The Foxlowe Arts Centre was the brainchild of a group of local people who had the vision of a thriving centrefor a rich variety of arts-related projects in the heart of the historic market town of Leek.

Initially a group of volunteers cleared,cleaned and decorated part of the Georgian building, known as No. 1 Leek, ready for the first Christmas Exhibition in December 2011 shortly followed by the opening of the community café and a programme of arts events.

The Foxlowe Arts Centre has grown from strength to strength and now includes a cinema, comedy club, music, theatre productions, exhibition gallery, documentary films, a talks programme, arts fair, room hire, heritage room, wedding and private function venue, fashion show, schools workshops and an ever-developing garden.

The café serves freshly cooked food is a meeting place for visitors and the local community. Where possible the café serves Fairtrade produce and locally sourced ingredients.

After an initial lease of the building the Foxlowe Arts Centre entered into a 15 year mortgage in August 2015 made possible with a donation from the Parkside Trust as a deposit, an initial three year commitment from Leek Town Council and the continuing support from the community pledging money and volunteering their time.

Foxlowe Arts Centre

Foxlowe in a previous incarnation as the Trades & Labour Clu

This elegant Georgian House stands in a prime position at the head of Leek’s Market Place. It has looked out over markets, gatherings, celebrations and the everyday lives of Leek people for centuries. The house was not always known as Foxlowe, and was generally known as No 1 Leek.

Thomas Mills a wealthy solicitor and landowner commissioned the building of the house in the 1770s. After Thomas died in 1802, his son (also Thomas) inherited the house which in 1819 had extensive grounds with groves, plantations and a small lake in the valley below. The Mills practice was purchased by John Cruso who was living at Foxlowe by 1834. John’s son, also John, was a widower in1851 when he lived here employing a cook, housemaid, laundress and a footman. His coachman lived in Cruso’s yard a little further down Stockwell Street. John married again and it is his second wife, Ann Cruso, who was very involved in the life of Leek. She entertained many prestigious guests here including the Earl of Macclesfield and the Duchess of Teck. When Ann lived here the dining room had huge family portraits, crimson velvet curtains, gilt pelmets and ponderous mahogany furniture. In the evening the long dining table sparkled with glass, silver and candelabra.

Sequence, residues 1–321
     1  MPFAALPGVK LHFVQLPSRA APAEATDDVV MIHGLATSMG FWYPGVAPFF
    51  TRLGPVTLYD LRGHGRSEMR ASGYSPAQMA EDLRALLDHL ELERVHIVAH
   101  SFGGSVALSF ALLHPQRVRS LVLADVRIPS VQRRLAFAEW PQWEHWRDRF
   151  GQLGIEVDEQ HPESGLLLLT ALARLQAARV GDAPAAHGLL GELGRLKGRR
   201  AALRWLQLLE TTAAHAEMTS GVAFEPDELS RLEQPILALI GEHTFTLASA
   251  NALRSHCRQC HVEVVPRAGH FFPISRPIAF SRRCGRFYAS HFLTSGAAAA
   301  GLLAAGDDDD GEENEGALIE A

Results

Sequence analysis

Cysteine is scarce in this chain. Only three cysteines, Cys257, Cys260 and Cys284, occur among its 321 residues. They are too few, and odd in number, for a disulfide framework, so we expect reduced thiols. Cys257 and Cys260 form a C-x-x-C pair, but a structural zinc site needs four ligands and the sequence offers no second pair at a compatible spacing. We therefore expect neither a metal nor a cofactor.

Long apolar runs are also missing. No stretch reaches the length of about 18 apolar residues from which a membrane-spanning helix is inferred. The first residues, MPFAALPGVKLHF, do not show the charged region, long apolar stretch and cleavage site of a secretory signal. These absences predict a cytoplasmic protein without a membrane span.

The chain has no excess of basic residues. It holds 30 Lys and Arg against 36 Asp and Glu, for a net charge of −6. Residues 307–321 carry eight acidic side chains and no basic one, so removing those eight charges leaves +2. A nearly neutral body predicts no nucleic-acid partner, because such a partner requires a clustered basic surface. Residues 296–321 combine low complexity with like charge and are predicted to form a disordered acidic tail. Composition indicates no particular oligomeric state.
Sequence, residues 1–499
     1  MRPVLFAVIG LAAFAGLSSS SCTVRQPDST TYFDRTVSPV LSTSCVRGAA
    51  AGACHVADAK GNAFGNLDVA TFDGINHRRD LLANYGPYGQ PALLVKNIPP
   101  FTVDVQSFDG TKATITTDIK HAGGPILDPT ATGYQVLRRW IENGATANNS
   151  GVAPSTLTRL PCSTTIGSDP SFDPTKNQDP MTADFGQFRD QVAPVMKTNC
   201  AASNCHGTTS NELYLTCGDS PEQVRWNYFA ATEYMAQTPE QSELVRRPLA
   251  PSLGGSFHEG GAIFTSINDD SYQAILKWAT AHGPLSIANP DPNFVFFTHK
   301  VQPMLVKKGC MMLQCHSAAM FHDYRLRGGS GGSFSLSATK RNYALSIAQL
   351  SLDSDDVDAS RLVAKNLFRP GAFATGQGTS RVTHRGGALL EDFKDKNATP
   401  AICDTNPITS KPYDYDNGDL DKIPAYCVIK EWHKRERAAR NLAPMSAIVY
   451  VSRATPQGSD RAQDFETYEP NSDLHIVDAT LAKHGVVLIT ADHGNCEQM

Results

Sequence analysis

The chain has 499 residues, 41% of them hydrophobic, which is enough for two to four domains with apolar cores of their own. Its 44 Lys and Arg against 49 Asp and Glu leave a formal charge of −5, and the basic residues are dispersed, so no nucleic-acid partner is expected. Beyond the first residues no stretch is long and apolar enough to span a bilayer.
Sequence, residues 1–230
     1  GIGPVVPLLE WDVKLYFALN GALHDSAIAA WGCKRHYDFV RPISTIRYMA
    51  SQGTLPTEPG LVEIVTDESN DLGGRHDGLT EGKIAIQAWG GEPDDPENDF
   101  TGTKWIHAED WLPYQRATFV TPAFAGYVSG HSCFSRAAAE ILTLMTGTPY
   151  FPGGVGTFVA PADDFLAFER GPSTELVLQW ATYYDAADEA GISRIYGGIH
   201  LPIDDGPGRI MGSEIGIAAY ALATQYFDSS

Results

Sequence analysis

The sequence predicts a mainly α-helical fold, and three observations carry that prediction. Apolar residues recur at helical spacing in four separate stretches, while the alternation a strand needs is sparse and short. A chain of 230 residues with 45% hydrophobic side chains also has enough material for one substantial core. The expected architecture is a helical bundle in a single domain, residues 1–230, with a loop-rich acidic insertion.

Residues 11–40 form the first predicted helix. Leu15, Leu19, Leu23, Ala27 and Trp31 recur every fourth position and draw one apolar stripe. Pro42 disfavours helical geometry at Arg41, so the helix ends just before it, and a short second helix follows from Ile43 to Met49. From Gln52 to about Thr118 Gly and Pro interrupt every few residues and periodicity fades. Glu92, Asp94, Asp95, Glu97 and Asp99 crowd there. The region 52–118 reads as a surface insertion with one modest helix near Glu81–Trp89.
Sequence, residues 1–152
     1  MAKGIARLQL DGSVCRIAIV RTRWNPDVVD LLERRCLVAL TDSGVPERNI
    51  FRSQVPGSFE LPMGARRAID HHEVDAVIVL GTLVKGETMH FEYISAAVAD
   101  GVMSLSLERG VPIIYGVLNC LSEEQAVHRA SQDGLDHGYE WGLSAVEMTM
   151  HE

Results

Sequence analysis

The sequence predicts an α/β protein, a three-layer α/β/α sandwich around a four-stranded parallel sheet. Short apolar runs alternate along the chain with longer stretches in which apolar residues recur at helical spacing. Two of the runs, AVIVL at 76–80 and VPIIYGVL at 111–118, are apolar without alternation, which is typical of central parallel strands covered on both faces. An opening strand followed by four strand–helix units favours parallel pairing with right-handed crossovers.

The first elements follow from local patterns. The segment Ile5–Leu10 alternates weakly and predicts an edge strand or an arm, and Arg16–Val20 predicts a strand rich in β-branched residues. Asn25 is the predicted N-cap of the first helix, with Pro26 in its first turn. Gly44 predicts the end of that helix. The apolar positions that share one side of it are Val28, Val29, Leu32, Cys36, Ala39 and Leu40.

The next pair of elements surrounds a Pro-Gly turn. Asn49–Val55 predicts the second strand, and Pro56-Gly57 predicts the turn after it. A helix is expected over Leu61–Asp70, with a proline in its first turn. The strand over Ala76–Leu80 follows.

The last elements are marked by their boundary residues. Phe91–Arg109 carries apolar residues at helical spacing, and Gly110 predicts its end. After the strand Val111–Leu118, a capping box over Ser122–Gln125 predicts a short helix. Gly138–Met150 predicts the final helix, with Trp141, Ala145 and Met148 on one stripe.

The drawing room with floor to ceiling bow windows had glorious views over the Roaches. This room had elaborate gilt cornices and silver sconces round the walls. In keeping with Victorian furnishing tastes it was full of ottomans, whatnots, chiffoniers and fauteuils. 

The former dining room and drawing room are now Foxlowe’s café.

After Ann Cruso died in 1893, the Foxlowe was purchased by George Davenport, manufacturer and a director of Wardle and Davenport & Co.Ltd. George remodelled the house adding a billiard room and a service wing. George died in 1912 and the house was advertisedfor sale in 1914. It was described as a Georgian house with gardens, grounds, 3 acres of land, 3 closes of excellent grass land of 15 and a half acres. It had 4 reception rooms, a billiard room, 13 bed and dressing rooms and was fitted with electric lights and heating.
Outside was a coachman’s house, stabling for 5 horses, a garage for 2 cars, a coach house and 2 excellent tennis courts formed of brick ash.
On this occasion the house failed to reach its reserve price and so remained the property of Mrs Davenport who allowed it to be used as a Red Cross hospital for wounded soldiers from the war.

In 1919 the Amalgamated Society of Textile and Kindred Trades bought Foxlowe. The Union took over the house and using the front bedrooms as offices. On 12th July 1919 the Leek Post and Times reported the opening of Foxlowe Clubhouse at the top of the town as the Trades and Labour Club.